The next day, a Saturday, breakfast was the exact same thing as dinner: hamburgers with cheese. Shortly after breakfast, the staff handed us each a roll of toilet paper and a shaving razor.

Another administrator arrived that morning with other employees from headquarters. They said 600 fans had been ordered — there is no air conditioning at Huntsville — along with hygiene packs and bottled water.

Just after 10 a.m., I was reassigned again — to a cell in another building.

On Sunday morning, we finally got to shower. On the way to the showers, prisoners known as “inmate life coaches” handed out toothpaste, a toothbrush, deodorant and a bar of Irish Spring soap.

Before showering, we approached the clothes window as normal and requested our items. It felt wonderful to finally shower.

At 3 p.m. we went to the dining hall. Seven Securus Technologies employees issued replacement tablets, chargers and microphone headphones to everyone who had lost them in the fire. We were surprised how quickly that happened. Lots of people waited a month to get their tablet when the devices first arrived at Huntsville. Some of us joked that they made haste because the prison needed roof money. (The prison earns commissions on fees from purchases of music, games and movies, and the use of messaging services.)

At 4 p.m. I went to my new cell and from there could see into the gym. There were about 80 people left.

Monday was a regular day. I got my brand new loaner fan and a hygiene pack. Rec started up again. School was in session. People went to work.

A few days later, I returned to the burned building to retrieve my possessions. We had received frequent updates about the state of the building, so I knew my things would be OK. As soon as I walked inside, I got goosebumps. It was so still, and relatively unscathed save for some soot on the walls. Other people were there, going to their cells, but I felt like I was alone in the building.

My line seemed more or less untouched. That was a relief, as some people had stuff stolen or damaged. My things were in good shape, most of them packed in my locker box already. I had two other bags stuffed with belongings, and filled a third. In the breezeway I put my locker box and bags on a cart. I signed the clipboard that stated I had all my things and that they were not damaged.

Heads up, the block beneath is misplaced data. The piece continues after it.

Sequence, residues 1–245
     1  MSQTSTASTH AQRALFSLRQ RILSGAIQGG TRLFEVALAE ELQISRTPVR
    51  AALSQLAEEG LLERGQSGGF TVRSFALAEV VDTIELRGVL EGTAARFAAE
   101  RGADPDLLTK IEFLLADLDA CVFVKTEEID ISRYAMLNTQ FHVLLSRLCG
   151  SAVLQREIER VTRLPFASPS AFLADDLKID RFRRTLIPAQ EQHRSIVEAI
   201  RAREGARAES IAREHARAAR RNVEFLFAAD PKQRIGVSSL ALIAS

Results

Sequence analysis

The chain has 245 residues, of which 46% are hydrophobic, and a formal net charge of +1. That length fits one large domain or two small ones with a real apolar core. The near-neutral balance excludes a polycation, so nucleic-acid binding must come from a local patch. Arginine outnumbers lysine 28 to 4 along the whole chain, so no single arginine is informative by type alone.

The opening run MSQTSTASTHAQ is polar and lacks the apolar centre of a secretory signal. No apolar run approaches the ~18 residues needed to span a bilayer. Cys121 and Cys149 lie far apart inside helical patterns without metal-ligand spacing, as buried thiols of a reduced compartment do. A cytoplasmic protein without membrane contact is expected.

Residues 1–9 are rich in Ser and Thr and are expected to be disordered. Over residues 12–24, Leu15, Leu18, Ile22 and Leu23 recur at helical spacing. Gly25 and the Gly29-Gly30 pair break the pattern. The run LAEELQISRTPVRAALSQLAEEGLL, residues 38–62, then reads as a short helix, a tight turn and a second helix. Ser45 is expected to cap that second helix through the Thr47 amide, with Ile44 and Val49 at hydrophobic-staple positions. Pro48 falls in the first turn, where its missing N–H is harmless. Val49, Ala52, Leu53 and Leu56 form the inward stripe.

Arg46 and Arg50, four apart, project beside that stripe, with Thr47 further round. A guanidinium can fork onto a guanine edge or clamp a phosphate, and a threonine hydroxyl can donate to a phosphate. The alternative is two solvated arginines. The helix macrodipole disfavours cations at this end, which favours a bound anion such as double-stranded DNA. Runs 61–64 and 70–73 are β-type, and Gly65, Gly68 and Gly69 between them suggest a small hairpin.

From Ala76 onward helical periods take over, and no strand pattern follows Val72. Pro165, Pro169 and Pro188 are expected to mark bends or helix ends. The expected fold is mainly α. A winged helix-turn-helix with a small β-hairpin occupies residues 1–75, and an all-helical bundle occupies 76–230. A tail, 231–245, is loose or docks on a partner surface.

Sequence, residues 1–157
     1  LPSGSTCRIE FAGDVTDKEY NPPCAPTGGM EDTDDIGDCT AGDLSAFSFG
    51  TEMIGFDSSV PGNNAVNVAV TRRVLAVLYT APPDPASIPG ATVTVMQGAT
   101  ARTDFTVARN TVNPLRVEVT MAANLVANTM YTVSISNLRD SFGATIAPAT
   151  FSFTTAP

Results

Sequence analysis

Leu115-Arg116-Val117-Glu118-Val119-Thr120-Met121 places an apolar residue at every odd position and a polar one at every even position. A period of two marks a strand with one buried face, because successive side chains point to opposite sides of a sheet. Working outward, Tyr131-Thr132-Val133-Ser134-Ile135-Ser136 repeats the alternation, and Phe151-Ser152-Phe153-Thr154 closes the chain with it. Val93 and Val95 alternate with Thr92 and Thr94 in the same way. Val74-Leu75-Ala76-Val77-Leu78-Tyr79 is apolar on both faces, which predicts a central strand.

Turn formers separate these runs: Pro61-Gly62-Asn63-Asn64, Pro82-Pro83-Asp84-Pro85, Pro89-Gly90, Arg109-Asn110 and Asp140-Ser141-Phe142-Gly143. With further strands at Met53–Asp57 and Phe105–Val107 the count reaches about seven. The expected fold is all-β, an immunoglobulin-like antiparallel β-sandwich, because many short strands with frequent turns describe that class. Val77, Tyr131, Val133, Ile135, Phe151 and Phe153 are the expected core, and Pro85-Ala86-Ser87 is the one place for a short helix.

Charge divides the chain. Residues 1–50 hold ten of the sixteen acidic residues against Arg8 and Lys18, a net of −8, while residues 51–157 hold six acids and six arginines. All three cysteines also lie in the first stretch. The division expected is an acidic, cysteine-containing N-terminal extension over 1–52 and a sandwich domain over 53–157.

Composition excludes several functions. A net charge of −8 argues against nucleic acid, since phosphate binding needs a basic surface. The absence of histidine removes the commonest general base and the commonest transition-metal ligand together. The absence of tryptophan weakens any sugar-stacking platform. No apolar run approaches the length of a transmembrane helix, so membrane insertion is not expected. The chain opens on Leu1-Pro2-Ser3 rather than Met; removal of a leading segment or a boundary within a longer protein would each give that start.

The property officer had a separate clipboard for damages. There had been flooding problems on the first floor (both from firefighter hoses and from a surprise rain the day before the fire as well as a few days after). I saw one person hand over their radio. The property officer tipped it over and water poured out. I heard many people say they were most concerned about family photos, which were irreplaceable. Many guys here have been in prison for over 20 years. Family members have died. Some simply have no contact with their relatives.

One man, who has been incarcerated since 1994, lost all of his photos. He said he returned to his cell to inspect the damage, and the stuff in his locker was drenched by four inches of water. He tried to wipe the water off a picture of his daughter and ended up wiping off her face. All of his photos disintegrated like that: pictures of childhood and missed family reunions and long-gone relatives.

Another man lost letters he’d accumulated over 30 years of incarceration.

Things have been different since the fire. I don’t feel like myself. I think it’s from lack of sunlight. D line had an entire wall of windows. Here on H line there is no window for the sun to shine through. I sit in the dark all day. Compared to D line, some people have remarked that H line is like a homeless encampment. There’s trash everywhere, and guys are sprawled out on the floor and on benches, some clearly high on drugs.

It’s not just me. The atmosphere has been different everywhere. The prison seemingly emptied out. I counted 14-some busloads of people leaving Huntsville since the fire broke out.

At church recently the volunteer didn’t show up, so an inmate preached. He noted, with sadness in his voice, that many of us don’t think or speak of those people who were just days earlier.

The good news is that no person was physically harmed by the fire. But I learned we had lost Smokey the cat. When we were all in the rec yard, he got scared and went inside. When his remains were found he was all bloated like a basketball.

After church we stepped out into smoke. There was a wildfire nearby. By Tuesday, over 4,000 acres had burned. I looked up at the watchtower clock. At the time of this writing, it was still 3:23.

Disclaimer: The views in this article are those of the author. Prison Journalism Project has verified the writer’s identity and basic facts such as the names of institutions mentioned.

Cesar Hernandez is a writer incarcerated in Texas.